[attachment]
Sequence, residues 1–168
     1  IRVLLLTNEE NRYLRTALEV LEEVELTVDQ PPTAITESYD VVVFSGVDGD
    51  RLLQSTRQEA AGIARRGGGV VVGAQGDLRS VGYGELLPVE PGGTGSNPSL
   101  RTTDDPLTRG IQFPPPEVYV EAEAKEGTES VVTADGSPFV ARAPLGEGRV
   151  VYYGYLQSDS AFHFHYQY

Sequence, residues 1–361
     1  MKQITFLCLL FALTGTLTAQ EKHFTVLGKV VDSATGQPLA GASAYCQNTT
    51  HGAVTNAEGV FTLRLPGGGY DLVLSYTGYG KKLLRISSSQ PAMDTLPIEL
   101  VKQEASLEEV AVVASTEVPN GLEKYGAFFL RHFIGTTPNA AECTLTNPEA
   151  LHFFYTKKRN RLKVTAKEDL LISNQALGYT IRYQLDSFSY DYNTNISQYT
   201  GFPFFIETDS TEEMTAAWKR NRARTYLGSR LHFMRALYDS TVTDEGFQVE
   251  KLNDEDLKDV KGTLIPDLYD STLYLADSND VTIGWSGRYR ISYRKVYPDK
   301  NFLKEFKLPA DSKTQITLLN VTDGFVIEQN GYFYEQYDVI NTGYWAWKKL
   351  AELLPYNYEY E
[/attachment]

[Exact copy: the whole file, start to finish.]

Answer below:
Sequence, residues 1–168
     1  IRVLLLTNEE NRYLRTALEV LEEVELTVDQ PPTAITESYD VVVFSGVDGD
    51  RLLQSTRQEA AGIARRGGGV VVGAQGDLRS VGYGELLPVE PGGTGSNPSL
   101  RTTDDPLTRG IQFPPPEVYV EAEAKEGTES VVTADGSPFV ARAPLGEGRV
   151  VYYGYLQSDS AFHFHYQY

Sequence, residues 1–361
     1  MKQITFLCLL FALTGTLTAQ EKHFTVLGKV VDSATGQPLA GASAYCQNTT
    51  HGAVTNAEGV FTLRLPGGGY DLVLSYTGYG KKLLRISSSQ PAMDTLPIEL
   101  VKQEASLEEV AVVASTEVPN GLEKYGAFFL RHFIGTTPNA AECTLTNPEA
   151  LHFFYTKKRN RLKVTAKEDL LISNQALGYT IRYQLDSFSY DYNTNISQYT
   201  GFPFFIETDS TEEMTAAWKR NRARTYLGSR LHFMRALYDS TVTDEGFQVE
   251  KLNDEDLKDV KGTLIPDLYD STLYLADSND VTIGWSGRYR ISYRKVYPDK
   301  NFLKEFKLPA DSKTQITLLN VTDGFVIEQN GYFYEQYDVI NTGYWAWKKL
   351  AELLPYNYEY E